Making it in America

As the glass industry in many parts of the world maintains its relatively small growth rate, the U.S. glass market continues to look very interesting to many overseas glass companies looking to expand. With the United States’ reasonably good recovery after the global fall-out of 2008, and with strong infrastructure spend rhetoric that has many people somewhat optimistic, there are very few reasons why companies would not pick the United States as part their next expansion move.

The first step to identifying this untapped market has been helped by the internet and the globalization of the glass industry over the last 20 years. But, it’s a long, difficult and expensive process to succeed in the U.S. glass industry.

Besides the measurement systems that broadly divide Europe and the U.S. in terms of everyday processes, there are several other fundamental differences that European companies find challenging to work through.

For example, the process of working with an architect to get a product specified. In Europe, the glazier has a much bigger role in this process due to his level of status based on his education and experience. In the U.S., product placement generally comes from the top down, from the architect or designer choosing the products, and the glaziers following the requirements. Understanding and reacting to this small yet amazingly important concept means certain European companies must change their complete sales and marketing approaches.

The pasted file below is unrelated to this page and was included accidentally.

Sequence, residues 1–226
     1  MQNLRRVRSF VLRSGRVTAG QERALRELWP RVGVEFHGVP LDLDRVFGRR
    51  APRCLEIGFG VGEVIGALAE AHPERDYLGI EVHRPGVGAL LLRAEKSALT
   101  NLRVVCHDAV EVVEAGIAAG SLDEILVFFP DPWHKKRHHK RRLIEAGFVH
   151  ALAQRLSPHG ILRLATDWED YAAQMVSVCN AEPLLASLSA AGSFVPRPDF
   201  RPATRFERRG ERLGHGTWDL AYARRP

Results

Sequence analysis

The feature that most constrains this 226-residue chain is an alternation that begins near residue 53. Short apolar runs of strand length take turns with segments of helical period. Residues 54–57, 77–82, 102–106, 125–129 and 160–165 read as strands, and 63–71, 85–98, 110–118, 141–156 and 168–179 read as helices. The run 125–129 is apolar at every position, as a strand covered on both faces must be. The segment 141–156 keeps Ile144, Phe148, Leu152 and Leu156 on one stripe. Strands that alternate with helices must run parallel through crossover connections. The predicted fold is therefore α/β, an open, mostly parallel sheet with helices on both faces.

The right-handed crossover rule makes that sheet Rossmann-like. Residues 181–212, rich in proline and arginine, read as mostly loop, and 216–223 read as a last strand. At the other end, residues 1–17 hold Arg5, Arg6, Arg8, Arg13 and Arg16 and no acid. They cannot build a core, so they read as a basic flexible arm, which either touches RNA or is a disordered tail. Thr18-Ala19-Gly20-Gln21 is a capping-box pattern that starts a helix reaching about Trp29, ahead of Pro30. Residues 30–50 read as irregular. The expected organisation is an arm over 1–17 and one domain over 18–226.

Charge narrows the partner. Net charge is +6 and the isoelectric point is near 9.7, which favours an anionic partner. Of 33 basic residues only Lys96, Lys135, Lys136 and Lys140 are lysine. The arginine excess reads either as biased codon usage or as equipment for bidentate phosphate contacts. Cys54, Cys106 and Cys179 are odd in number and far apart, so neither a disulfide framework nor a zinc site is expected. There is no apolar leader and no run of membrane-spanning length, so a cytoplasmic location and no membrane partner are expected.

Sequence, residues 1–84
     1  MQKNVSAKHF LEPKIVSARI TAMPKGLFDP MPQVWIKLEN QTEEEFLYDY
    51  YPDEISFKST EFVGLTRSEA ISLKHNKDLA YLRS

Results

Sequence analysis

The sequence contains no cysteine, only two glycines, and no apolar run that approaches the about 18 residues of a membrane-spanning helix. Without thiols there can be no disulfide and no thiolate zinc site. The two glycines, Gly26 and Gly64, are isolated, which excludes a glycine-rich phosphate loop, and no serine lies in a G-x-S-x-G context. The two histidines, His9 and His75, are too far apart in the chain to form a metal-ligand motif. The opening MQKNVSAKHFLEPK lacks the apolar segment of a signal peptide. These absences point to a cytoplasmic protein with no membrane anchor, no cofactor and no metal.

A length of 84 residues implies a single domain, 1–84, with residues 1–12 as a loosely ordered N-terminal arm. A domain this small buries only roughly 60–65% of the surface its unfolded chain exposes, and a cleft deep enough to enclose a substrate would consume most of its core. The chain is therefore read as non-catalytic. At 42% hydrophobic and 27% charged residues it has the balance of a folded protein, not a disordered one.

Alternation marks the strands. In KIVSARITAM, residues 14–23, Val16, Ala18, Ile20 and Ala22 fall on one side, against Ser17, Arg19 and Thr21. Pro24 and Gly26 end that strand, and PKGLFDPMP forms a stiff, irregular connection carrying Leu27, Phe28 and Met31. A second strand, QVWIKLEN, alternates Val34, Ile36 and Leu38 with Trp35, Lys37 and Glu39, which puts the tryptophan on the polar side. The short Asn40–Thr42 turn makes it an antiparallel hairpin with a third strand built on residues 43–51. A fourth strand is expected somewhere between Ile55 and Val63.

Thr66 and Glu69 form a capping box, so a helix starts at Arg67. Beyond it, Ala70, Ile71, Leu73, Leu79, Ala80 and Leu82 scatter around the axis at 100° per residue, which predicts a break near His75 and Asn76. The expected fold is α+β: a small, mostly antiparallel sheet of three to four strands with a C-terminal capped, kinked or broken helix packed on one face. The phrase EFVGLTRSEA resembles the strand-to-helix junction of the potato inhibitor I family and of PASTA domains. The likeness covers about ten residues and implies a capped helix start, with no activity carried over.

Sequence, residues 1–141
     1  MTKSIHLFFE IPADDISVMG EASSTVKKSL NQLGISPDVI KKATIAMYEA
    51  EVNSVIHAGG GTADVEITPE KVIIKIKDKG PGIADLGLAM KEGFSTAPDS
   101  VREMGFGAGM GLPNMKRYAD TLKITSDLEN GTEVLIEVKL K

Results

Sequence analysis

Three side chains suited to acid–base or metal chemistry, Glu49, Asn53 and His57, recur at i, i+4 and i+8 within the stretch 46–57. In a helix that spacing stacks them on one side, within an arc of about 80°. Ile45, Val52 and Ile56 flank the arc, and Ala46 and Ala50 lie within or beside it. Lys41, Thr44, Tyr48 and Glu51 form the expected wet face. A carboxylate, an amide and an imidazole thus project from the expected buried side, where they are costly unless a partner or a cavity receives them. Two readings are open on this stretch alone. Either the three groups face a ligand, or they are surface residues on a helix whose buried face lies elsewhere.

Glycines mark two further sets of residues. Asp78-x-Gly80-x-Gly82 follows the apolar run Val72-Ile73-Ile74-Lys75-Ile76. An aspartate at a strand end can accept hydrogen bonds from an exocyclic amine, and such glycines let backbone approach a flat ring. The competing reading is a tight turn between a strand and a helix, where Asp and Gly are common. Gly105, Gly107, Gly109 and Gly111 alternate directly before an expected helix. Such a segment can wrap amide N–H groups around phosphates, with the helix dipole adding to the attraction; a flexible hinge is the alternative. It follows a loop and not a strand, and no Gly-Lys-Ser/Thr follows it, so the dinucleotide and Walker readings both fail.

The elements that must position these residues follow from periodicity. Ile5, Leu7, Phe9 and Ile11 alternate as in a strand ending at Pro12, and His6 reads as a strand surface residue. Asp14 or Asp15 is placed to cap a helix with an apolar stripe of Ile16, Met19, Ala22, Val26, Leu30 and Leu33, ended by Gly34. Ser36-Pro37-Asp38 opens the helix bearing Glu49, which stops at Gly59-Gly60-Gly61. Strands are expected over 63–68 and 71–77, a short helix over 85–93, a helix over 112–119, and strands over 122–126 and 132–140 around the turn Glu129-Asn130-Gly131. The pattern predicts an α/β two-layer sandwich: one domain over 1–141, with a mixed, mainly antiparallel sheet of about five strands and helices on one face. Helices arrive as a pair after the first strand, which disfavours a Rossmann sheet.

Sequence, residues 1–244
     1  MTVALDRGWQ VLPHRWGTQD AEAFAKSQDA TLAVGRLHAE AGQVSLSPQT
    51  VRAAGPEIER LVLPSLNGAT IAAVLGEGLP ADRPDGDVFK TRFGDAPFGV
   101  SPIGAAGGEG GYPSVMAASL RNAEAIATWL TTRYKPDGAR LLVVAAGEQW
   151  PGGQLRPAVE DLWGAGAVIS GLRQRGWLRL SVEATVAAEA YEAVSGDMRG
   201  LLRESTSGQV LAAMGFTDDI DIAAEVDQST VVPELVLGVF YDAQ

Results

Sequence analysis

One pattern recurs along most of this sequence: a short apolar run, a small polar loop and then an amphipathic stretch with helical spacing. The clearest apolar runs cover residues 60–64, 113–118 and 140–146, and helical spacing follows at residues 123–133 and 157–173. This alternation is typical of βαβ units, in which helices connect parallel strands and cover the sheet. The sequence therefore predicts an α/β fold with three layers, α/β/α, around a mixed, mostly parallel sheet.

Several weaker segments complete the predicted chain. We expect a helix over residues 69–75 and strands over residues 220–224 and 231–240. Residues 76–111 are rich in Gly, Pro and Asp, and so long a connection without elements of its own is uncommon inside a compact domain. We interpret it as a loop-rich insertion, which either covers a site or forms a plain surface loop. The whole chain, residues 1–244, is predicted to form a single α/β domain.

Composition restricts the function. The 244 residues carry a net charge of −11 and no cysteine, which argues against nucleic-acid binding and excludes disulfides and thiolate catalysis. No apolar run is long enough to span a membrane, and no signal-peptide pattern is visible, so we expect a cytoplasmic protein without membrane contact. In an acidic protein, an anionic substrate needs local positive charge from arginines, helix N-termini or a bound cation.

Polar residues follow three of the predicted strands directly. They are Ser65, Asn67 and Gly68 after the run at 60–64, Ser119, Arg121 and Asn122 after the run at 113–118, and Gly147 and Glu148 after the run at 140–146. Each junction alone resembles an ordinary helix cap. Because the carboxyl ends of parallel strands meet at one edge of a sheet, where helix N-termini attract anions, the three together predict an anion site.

This is also true for product development in the United States, with key differences in glass thickness requirements, product style and function being a few factors that can basically dictate whether something will sell or not. For example, the American glass door, used in either a residential shower or a commercial storefront application is generally heavier, wider and bulkier by design compared to the European equivalents. Generally, there is also more metal in a U.S. glass product, and the finishes will differ considerably to what is available and sold across the pond.

What is the recipe for success in the United States? If you look around, there are certainly notable examples of global companies that found significant success in the United States. Likewise, there are some examples where some great companies just did not work out at all. The real question becomes: what are the differences between the two? Besides having a great product that everyone wants and building a solid operational business, success comes from the amount of time invested in the market. And by time, understand it as money invested. The cost of serving the market is much higher than overseas companies generally expect, from employing salespeople, to working out logistics, to building infrastructure. Likewise, the local market's positive perception of an overseas player will simply take longer to develop.

The result is that the investment of time in the market leads to an understanding of how the U.S. glass market works. There is no shortcut in getting this knowledge and insight; it simply takes time and an openness to working with the differences.

Gareth Francey is the president of Bohle America, a supplier of glazing & handling tools, hardware, consumables, and machinery, for all levels of the glass industry. Francey has been with the Bohle organization since 2001 and led the American division since 2010. Contact him at gareth.francey@bohle-america.com.

The opinions expressed here are those of the individual author and do not necessarily reflect those of the National Glass Association, Glass Magazine editors, or other glassblog contributors.

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